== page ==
Spit Take Saturday: High Plains Comedy Festival

HPCF-logo_small_new-330x207Welcome to Spit Take Saturday, courtesy of Brown Paper Tickets’ Comedy Doer Julie Seabaugh and her professional comedy criticism site The Spit Take. Julie’s goal with the site is to “elevate the public perception of stand-up comedy to that of a legitimate art form, and to enable comedy criticism be taken as seriously as that of theater, film, music, food, even video games. No a**-kissing. No bias. No mercy. Just honest, unfiltered, long-form reviews written by professional, knowledgeable comedy critics.” 

Every week Julie will select an entry from the site to be included on our blog and hand-pick some related events happening that week that she feels all you comedy lovers out there will appreciate.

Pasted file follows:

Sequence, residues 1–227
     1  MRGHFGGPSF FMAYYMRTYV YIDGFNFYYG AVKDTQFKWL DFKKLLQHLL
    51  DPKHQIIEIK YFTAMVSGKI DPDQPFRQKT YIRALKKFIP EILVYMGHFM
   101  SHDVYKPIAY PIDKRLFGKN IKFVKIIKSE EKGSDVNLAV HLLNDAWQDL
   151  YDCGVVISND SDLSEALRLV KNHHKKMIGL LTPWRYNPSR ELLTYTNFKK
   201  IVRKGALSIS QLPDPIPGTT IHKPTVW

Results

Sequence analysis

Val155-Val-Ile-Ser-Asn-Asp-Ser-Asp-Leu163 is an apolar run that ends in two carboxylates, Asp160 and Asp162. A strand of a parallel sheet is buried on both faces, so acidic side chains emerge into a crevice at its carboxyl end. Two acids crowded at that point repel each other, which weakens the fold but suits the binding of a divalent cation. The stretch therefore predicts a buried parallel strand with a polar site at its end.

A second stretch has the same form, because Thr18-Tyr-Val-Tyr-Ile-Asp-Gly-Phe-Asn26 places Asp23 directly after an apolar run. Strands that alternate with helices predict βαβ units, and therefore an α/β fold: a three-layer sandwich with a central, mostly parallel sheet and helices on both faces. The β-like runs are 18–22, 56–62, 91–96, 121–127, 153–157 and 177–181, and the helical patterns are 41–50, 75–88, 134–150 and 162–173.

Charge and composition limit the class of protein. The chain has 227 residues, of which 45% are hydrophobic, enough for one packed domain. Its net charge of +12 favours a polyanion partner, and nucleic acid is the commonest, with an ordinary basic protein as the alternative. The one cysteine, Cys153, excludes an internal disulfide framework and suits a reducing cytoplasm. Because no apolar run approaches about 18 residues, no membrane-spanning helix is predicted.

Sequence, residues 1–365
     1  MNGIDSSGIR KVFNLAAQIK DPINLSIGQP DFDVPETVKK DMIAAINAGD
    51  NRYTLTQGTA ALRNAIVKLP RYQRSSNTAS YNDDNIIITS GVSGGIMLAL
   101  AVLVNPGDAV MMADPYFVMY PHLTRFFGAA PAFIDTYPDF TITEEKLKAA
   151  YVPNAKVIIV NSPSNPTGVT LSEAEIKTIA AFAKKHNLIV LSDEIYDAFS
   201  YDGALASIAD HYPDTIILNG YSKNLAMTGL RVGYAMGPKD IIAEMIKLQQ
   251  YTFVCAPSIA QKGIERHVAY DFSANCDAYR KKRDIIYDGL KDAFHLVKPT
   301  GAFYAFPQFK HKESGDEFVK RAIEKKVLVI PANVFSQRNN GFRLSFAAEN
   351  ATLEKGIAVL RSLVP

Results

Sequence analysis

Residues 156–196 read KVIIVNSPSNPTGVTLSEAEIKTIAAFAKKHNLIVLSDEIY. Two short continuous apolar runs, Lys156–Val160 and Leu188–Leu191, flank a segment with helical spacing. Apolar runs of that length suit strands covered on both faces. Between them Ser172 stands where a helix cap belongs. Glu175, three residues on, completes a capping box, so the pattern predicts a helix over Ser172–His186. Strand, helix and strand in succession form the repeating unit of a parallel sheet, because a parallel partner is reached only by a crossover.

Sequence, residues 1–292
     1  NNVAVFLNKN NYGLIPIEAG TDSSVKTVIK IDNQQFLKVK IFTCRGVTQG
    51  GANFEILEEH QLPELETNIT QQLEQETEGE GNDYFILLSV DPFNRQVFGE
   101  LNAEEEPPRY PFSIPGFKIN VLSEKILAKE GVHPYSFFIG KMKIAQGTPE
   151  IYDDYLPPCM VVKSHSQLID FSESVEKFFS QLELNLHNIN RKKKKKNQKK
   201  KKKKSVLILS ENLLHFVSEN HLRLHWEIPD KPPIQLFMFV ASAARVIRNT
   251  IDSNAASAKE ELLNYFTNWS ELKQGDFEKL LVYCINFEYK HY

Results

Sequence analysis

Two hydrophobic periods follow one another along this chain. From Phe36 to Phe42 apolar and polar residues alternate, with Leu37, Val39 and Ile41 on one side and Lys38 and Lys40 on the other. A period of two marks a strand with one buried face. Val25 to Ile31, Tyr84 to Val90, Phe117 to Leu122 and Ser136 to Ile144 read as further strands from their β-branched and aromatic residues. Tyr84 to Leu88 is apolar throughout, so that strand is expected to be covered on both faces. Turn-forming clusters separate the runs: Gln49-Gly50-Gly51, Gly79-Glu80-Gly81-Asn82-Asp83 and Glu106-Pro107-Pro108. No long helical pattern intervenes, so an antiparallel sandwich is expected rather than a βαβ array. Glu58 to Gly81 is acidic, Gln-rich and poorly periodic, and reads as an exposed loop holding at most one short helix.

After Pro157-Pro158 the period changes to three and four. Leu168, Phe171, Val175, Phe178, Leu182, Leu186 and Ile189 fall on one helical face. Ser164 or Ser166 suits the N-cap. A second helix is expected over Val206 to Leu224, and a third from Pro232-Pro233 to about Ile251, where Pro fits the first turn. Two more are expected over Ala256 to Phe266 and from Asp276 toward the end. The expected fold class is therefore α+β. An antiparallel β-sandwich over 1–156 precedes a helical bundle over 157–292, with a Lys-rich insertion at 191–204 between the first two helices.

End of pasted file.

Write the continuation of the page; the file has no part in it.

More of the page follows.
So, without further ado, let us introduce you to this week’s Spit Take Saturday!

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Denver has been in desperate need of a national-quality stand-up festival for years. The explosion of open mics and alternative showcases, plus the city’s growing reputation as an incubator of new talent has nevertheless failed to put it on the same footing as similar scenes in Austin, Minneapolis and Portland, Oregon. Newer events like the Laugh Track Comedy Festival or the punk-rock Too Much Funstival are stacked with talented locals and a few out-of-towners, but neither have the resources or attention to compete with something like Portland’s Bridgetown Comedy Festival.


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Spit Take Saturday: Jim Gaffigan

Dad-is-Fat_photo_medium-311x470Welcome to Spit Take Saturday, courtesy of Brown Paper Tickets’ Comedy Doer Julie Seabaugh and her professional comedy criticism site The Spit Take. Julie’s goal with the site is to “elevate the public perception of stand-up comedy to that of a legitimate art form, and to enable comedy criticism be taken as seriously as that of theater, film, music, food, even video games. No a**-kissing. No bias. No mercy. Just honest, unfiltered, long-form reviews written by professional, knowledgeable comedy critics.”